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Discussion Starter #1
Any advice on cleaning a clogged spray gun? I thought I rinsed it out well but I obviouly did not. It opens to let the material out but it just clogs up. There is a bunch of dried paint in there. I tried taking off the tip and and it won't come off. Any ideas? Also is are there guns that won't let you change the tip? Kind of a disposable gun. It was a cheap gun. About $100. Last question. Any advice on gun cleaning if you don't have a gun cleaner? I try to rinse it with a lacquer (sp?) thinner but that didn't seem to do that well. Thanks :D
 

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just take it all apart and rebuild it, cleaning every part very well in lacquer thinner, soaking it and cleaning it again. find out if theres rebuild kits for that gun and rebuild it.
 

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Carb cleaner works wonders, make sure you clean your needles and other anodized parts separately. ;)
 

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Discussion Starter #4
Thanks guys. I appreciate the help. I am going to try the carb cleaner. I have cleaned it pretty well but it always seems to clog when I am painting. Especially primer about a minute or two into laying down a coat. Think I am not adding enough activator or something? It's 4:1. I am using mixing cups. I am probably doing something ignorant. Thanks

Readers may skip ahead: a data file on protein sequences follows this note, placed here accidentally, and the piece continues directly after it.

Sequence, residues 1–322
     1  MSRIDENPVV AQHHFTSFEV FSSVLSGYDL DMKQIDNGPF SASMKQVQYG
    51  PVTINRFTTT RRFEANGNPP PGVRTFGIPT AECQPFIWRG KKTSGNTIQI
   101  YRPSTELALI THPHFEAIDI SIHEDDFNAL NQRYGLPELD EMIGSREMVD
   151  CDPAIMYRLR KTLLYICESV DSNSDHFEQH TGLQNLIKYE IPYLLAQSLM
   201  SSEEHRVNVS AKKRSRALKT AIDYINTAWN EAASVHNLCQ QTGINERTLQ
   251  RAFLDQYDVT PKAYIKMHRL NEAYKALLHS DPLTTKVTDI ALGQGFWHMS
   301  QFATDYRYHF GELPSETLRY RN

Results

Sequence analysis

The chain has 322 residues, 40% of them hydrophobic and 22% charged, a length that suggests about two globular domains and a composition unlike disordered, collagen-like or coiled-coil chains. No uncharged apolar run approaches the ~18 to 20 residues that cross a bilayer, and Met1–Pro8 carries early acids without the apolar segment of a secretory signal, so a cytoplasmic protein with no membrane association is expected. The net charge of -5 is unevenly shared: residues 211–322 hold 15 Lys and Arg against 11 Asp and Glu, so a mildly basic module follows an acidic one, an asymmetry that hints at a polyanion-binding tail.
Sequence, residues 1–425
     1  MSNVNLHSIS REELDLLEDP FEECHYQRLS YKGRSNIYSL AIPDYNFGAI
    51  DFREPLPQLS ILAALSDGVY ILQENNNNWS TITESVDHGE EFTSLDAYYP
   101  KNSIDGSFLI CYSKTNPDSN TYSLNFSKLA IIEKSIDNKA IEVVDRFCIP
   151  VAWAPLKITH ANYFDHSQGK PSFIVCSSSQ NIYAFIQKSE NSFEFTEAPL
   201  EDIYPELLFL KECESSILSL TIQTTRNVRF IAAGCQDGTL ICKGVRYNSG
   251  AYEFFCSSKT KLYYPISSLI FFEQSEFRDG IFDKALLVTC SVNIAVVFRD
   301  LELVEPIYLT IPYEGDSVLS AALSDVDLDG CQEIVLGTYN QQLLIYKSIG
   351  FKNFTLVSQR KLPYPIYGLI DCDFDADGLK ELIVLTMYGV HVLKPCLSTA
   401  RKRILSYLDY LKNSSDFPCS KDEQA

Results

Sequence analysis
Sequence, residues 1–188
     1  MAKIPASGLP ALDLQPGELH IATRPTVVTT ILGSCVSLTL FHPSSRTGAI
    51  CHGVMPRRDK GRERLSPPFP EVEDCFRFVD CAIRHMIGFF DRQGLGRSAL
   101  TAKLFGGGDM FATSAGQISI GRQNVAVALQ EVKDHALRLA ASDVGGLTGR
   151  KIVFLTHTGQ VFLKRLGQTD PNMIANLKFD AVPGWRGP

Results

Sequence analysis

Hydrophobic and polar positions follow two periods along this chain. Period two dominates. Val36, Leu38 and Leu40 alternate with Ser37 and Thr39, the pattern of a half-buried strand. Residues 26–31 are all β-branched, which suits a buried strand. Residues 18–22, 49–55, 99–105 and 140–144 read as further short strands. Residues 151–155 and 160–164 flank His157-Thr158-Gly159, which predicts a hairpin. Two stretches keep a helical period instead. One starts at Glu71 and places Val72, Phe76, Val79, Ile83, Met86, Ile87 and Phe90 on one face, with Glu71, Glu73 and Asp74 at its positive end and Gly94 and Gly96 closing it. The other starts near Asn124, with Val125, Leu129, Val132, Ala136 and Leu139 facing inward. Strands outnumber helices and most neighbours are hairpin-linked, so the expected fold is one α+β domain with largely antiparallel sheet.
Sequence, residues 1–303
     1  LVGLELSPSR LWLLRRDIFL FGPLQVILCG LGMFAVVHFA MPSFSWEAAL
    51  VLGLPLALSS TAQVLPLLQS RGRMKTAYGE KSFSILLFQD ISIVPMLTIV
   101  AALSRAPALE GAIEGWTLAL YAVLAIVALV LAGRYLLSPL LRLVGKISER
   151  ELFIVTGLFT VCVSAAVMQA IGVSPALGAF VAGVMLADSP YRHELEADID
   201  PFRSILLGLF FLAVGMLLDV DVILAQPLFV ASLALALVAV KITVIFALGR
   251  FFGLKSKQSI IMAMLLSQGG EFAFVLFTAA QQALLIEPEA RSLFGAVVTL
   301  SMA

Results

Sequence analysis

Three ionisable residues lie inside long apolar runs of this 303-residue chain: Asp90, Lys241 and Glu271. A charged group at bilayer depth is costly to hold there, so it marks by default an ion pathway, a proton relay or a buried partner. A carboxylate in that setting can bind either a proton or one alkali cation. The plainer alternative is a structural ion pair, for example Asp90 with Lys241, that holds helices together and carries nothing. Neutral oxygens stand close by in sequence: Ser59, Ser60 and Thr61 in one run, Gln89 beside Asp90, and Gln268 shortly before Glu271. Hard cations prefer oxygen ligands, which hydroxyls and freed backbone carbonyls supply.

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Troll Hunter
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I would be concerned about the carb cleaner residue that may be in the gun coming out in a nice paint job and screwing it up, it only takes a little to make a panel need re-shooting. I'd go with the lacquer thinner.

[ June 03, 2003: Message edited by: woodz428 ]</p>
 

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A Half Crippled Old SOB....
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I gave a friend a couple of old spray guns, & they were clogged up also. what he did was buy a gallon of "Spray Gun Kleaner" (brand name) & soaked them in it. & he said that after he did that they all sprayed like new guns....just a thought......joe
 

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Just one of the guys